Rather than relying on concrete walls to keep water out, projects can be designed to handle flooding without damage and to allow stormwater to drain easily and quickly.  There is now more awareness of creating public spaces that can also help to better manage stormwater. José Almiñana, a Principal with Andropogon Associates reiterates this: “We need to produce public spaces to actually be able to absorb all kinds of events and become more resilient.”

As an example, the idea behind Shoemaker Green, a new park at the University of Pennsylvania in Philadelphia, was to create a “large bathtub” to capture and recycle the stormwater and HVAC runoff from the surrounding buildings.  Shoemaker Green not only offers an open space of lawns, tree-lined walkways, and sitting areas but will also improve water quality and minimize runoff, reduce the effect of the urban heat island by greening large paved areas, restore biomass on site, increase local biodiversity, and improve the overall environment for the community.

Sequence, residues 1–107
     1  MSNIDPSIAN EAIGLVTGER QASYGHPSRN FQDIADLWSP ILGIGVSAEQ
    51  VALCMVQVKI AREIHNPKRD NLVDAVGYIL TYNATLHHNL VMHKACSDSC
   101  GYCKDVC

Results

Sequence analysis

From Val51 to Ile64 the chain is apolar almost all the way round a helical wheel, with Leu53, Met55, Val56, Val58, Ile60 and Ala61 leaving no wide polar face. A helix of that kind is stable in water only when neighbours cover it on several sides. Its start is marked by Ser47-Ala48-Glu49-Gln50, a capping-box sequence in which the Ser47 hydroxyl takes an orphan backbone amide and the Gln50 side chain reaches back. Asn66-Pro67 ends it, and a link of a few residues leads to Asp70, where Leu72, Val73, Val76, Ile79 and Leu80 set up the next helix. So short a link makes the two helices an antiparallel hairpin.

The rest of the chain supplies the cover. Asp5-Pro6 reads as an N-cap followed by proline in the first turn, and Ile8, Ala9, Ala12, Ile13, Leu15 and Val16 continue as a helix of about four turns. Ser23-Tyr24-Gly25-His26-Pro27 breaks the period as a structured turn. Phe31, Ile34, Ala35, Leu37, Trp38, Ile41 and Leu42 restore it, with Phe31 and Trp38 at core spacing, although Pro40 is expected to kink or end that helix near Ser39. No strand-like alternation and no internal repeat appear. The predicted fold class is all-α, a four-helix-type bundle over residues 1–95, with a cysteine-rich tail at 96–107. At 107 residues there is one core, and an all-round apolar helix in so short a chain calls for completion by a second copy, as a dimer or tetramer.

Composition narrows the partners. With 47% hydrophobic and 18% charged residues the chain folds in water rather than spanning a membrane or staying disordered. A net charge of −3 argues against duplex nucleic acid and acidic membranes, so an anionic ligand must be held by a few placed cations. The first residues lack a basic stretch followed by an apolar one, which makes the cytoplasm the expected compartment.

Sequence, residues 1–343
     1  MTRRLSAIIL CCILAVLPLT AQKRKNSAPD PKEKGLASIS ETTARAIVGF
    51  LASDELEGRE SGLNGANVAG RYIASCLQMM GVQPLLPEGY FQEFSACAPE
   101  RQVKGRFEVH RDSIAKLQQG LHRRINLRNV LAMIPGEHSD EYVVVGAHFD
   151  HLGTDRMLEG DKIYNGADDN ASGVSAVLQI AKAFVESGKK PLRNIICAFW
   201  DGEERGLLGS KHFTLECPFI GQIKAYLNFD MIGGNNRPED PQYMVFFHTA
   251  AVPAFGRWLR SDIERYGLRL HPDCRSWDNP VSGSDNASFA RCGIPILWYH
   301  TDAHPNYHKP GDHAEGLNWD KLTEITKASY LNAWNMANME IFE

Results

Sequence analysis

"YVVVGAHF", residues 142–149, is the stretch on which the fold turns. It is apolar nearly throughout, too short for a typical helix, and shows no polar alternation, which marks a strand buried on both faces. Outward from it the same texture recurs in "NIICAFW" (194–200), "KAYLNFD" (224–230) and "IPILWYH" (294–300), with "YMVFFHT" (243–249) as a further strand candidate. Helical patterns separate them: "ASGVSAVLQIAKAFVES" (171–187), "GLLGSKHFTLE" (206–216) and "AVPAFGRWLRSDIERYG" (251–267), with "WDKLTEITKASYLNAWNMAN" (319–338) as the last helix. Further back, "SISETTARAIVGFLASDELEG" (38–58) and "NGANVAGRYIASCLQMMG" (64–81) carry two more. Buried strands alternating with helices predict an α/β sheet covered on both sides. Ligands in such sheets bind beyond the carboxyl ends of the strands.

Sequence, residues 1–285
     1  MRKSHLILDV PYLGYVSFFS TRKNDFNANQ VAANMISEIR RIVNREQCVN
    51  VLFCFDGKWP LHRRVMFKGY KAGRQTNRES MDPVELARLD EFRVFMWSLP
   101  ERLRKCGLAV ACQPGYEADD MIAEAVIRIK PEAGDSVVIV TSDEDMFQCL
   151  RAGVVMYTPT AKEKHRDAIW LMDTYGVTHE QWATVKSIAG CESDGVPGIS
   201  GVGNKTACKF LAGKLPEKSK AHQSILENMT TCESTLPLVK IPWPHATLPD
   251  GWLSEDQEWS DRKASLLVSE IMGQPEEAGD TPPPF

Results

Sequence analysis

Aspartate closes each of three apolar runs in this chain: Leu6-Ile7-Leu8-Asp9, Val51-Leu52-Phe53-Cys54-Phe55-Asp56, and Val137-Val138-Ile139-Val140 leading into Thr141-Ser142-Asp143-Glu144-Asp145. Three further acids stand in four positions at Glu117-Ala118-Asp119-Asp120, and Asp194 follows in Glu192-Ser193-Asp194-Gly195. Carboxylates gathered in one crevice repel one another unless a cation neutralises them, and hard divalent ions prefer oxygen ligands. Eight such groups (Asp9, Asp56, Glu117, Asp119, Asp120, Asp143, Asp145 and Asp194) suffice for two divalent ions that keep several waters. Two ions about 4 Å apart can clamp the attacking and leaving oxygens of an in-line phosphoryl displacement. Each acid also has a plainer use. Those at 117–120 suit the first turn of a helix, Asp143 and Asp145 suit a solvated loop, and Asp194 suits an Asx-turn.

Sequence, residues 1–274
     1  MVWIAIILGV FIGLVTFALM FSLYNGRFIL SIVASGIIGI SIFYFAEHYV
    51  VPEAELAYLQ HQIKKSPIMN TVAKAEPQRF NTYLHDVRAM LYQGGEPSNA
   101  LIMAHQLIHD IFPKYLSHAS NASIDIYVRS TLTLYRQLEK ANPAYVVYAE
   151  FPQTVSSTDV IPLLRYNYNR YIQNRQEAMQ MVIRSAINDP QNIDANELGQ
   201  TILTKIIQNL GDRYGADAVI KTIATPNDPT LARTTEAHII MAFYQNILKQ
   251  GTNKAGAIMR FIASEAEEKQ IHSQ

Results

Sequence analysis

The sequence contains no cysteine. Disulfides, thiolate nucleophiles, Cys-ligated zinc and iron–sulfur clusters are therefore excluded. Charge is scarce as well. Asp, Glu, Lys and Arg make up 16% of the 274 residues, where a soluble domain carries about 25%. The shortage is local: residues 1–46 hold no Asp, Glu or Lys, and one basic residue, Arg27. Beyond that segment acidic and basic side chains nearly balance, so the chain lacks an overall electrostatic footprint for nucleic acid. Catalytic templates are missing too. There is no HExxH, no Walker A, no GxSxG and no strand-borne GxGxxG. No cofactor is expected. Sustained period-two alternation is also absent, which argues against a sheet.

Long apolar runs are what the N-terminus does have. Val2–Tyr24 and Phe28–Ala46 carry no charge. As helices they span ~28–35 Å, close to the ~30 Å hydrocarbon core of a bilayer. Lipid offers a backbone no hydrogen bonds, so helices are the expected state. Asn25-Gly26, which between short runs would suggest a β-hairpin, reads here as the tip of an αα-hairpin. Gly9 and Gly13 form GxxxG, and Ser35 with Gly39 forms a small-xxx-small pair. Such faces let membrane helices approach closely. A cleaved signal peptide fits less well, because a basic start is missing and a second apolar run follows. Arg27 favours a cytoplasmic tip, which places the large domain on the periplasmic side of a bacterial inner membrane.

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In San Antonio, plans are underway to develop Hemisfare, the city’s old fairgrounds and site of the 1968 World’s Fair, not only includes having it become an oasis of activities, amenities, and destinations centered on a series of parks but also features to conserve and protect the local aquifer and connect to the city’s famed River Walk.  Plans call for a graded site that will collect water, channel it and connect it to the River Walk.

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The Bradenton Riverwalk in Florida created a riverfront promenade that includes two dozen works of public art, a playground, fishing pier, botanical walk and skate park.   But, it also incorporates a new bioswale treatment system to filter stormwater before it reaches the river.